I had the below email in from Pat.
And it’s something I’m sure we have all mulled over at some time.
So I thought I’d put it ‘to the collective’ and see what wisdom we can pull out of the ether…
Just post your thoughts below!
If you read the comments so far, you’ll see a common thread. And it’s good advice.
“I really enjoy your e-mails and many of the wonderful attachments as they are very informative and answer many of the questions I have as I return to this hobby.
I owned a hobby shop twenty five years ago but that venture did not go well in a town too small to support it and with the advent of the internet, that was sort of the final straw so to speak.
In those years since, this hobby has changed and modernized to where I feel I am really too far behind to make a correct decision on what to do next.
As I approach retirement, which is four years away, I am looking at getting back into the hobby and have spent many hours “window” shopping in my Walthers catalog and have a building list that is $2,700 long.
That was based on a layout that was five by fifteen feet.
I was under the impression that I needed to determine my industries, locate them on the layout and then lay track based in the corresponding need of the industry (one track, two tracks, or multiple tracks placed so far apart and so on.) Now I have been told that I need to lay the track then place the buildings. I am now just more confused.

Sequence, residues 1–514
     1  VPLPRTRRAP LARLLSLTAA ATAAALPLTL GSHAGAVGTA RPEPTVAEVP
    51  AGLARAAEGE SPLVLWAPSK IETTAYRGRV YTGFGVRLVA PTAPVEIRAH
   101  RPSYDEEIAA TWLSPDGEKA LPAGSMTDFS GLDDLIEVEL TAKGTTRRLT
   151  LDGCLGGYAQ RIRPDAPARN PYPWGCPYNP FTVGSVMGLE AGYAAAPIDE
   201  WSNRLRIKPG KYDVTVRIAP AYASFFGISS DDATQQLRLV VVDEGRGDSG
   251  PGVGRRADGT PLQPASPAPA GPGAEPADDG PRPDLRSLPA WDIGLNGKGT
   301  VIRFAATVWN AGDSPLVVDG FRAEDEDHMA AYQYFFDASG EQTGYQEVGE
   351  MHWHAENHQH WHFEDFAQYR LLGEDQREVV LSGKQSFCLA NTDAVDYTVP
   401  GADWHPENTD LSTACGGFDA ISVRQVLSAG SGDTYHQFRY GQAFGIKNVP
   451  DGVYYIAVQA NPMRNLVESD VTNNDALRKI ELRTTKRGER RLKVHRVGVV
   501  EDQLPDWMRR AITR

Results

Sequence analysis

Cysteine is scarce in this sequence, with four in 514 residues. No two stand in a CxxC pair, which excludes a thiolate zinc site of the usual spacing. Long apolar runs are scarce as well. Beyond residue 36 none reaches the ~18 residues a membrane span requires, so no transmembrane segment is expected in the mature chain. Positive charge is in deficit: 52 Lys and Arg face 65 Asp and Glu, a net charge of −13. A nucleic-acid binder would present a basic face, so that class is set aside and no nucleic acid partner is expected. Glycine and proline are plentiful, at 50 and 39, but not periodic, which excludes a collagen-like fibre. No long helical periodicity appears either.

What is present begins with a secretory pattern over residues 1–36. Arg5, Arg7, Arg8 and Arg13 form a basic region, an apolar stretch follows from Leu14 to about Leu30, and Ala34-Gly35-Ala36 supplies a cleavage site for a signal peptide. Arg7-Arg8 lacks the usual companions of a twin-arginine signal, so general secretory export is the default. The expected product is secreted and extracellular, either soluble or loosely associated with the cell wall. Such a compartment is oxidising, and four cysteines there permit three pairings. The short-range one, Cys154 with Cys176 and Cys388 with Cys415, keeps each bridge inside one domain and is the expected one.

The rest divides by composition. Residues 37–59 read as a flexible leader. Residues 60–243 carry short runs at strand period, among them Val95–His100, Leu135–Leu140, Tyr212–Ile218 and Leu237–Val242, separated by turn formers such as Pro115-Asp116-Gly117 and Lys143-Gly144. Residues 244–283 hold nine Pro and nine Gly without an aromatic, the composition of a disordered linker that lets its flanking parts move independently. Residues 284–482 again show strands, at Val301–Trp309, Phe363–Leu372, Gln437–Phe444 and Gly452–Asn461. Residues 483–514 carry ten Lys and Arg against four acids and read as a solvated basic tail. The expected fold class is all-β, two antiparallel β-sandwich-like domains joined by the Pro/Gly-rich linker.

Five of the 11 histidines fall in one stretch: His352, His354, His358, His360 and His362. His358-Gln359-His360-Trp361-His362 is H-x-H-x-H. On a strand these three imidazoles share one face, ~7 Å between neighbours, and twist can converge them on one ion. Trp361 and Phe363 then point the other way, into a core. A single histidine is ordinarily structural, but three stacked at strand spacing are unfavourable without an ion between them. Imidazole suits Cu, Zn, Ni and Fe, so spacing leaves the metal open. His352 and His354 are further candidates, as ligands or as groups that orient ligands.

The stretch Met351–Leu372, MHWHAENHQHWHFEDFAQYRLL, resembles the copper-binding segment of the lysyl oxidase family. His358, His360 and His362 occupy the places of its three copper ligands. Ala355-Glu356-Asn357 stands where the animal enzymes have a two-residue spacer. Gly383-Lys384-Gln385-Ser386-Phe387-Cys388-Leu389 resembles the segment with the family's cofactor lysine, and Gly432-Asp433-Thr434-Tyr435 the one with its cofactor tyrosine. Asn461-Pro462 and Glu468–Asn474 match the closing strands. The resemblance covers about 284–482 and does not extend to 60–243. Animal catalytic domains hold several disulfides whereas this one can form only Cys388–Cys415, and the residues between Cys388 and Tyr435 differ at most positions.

Then, in reading some articles, it was suggested that a modular layout was the best to have and in some respects that does sound practical.
So what I am asking, is what is your opinion on how I should proceed. Industries first or tracks? Large layout or a modular one? Any thought and comments are welcome.
Not that I’m biased or anything, but you could do a lot worse than starting here…
Anyhow, post your thoughts below and let’s see what we can do for Pat – and the rest of us!
Now on to Steve in Oz:
In Dave’s recent video, he talked about cork underlay, and that he cuts a ‘nick’ on the inside of the cork when going around bends.
Here is how I do it.
When I come to a curve, I cut the cork down the middle (for the length of the curve). This allows me to install each piece of cork from each side of the track.
This makes the cork very flexible and plyable.
The first pic is a straight section.
The second is the curve.
Alternatively, ‘N’ scale cork is about the correct width for doing this. So its up to you as to which method to use.
That’s all for today folks.
Please do keep ’em coming – I’ve never known it so quiet.
And please post if you can help Pat. As you’ll read there is some sensible advice.
PS And if you’re just looking for layout examples, here’s some HO train layouts